But, that also means an overweight horse could carry more weight which I find highly unlikely.
I actually like this method, it is calculating the weight of both horse and rider and working out the carrying ability by the amount of bone.

that is actually fairer than the 20% rule because simply using those numbers a fat horse could be calculated as being able to carry more than a thin horse
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post #17 of 79 Old 10-25-2012, 11:15 AM
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Oops, forgot to add weight of rider and tack
So, it is:
weight of horse, rider and tack divided by circumference of mid cannon divided by 2
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post #18 of 79 Old 10-25-2012, 11:26 AM
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atill pretty ,meaningless as most people wouldnt know the body weight of their horse if it fell on them. Weight tapes are a joke, and how many people put their horses on an actual scale ? I have, but as muscles, fat and hydration levels change those numbers change also. A 920lb horse can loose 40 to 50 lbs of water pretty quickly.
Breed, confirmation, condition, age, temperature, terrain, all have a much greater influence on load ability than some arbitrary pulled out of thin air percent.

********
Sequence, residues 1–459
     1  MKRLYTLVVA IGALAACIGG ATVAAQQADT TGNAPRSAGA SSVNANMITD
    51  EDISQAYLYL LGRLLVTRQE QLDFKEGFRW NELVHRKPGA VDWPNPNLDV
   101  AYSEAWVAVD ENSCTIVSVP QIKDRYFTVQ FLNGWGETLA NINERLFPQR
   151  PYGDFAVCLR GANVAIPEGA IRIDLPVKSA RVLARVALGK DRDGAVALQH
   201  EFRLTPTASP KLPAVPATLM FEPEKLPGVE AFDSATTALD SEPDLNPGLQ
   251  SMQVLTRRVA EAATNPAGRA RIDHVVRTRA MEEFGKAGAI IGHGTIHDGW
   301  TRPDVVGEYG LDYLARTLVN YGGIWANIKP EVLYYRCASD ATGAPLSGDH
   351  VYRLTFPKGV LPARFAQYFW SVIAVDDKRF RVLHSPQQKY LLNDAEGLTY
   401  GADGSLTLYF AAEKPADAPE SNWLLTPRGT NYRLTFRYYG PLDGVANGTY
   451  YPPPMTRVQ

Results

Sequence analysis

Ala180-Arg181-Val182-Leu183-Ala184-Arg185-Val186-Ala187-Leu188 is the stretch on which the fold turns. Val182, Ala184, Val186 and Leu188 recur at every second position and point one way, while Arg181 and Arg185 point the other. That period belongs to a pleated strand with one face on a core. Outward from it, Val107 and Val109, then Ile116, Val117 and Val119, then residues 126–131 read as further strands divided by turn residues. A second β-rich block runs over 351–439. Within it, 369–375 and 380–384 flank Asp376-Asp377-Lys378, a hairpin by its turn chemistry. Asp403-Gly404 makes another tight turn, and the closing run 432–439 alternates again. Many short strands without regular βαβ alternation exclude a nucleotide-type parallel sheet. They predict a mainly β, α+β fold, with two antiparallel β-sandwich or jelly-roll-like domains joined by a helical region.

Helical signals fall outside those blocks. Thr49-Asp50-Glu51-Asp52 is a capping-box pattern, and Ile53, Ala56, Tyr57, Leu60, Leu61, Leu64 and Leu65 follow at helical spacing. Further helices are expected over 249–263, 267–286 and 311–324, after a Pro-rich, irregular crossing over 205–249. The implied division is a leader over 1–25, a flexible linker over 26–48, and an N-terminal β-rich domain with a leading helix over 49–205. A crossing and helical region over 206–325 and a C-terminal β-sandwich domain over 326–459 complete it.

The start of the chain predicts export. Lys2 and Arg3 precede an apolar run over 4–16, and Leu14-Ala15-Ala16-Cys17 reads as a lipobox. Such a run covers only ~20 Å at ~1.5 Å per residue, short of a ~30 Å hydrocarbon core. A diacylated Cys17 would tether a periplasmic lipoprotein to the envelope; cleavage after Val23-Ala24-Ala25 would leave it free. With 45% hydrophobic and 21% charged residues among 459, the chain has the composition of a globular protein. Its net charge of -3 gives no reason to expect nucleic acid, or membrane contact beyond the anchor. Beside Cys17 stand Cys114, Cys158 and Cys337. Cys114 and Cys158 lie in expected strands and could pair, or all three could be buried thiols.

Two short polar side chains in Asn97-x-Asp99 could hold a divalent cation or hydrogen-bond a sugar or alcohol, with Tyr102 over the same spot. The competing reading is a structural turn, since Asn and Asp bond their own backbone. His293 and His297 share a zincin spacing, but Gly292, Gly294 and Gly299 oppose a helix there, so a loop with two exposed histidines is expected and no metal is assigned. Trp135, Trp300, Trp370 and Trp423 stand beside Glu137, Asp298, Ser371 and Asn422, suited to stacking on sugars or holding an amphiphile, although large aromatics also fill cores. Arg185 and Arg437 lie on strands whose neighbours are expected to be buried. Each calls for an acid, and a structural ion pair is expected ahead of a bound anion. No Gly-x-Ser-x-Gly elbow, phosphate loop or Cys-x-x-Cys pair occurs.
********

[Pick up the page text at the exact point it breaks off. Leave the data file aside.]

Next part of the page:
BTW Gen George McClellan, an admitted horse lover and man hater did a study using data collected in the summer in the soutwest, that found Calvary horses, could carry 20 % all day every day, and only be fed at night and last for months with out breaking down. Of course again, how did he weigh the horses ? and when did he weigh them morning or after being rode all day. Anyway he published an Army cavalry manual using those numbers and they have been getting repeated as the gospel ever sense.
Keep in mind this self proclaimed "expert" in cavalry consistently had his cavalry embarrassed by the poor unfortunate unedumacated southern cavalry.
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post #19 of 79 Old 10-25-2012, 05:13 PM
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Here's a link to a weight estimator The Horse | Weight Calculator and here's a formula for calculating a horse's weight for a horse older than one year (heart girth x heart girth x body length)/330=estimated body weight in pounds. For a weanling, divide by 280, and for a yearling, divide by 301.

Women and cats will do as they please, and men and dogs should relax and get used to the idea. - Robert A. Heinlein
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post #20 of 79 Old 10-25-2012, 06:44 PM
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I actually like this method, it is calculating the weight of both horse and rider and working out the carrying ability by the amount of bone.

that is actually fairer than the 20% rule because simply using those numbers a fat horse could be calculated as being able to carry more than a thin horse
not so sure if it's fairer.
Example:
1000lbs horse: 20%=200lbs
1000lbs horse+ 220lbsrider+40lbs tack : 8" cannon : 2=78.75, so still in the range.
So according to that way, a 1000lbs horse with a not so strong bone(for his weight) could carry 260lbs.
1200lbs horse+250lbs rider+40lbs tack: 9" bone comes out to 82.78, so too heavy.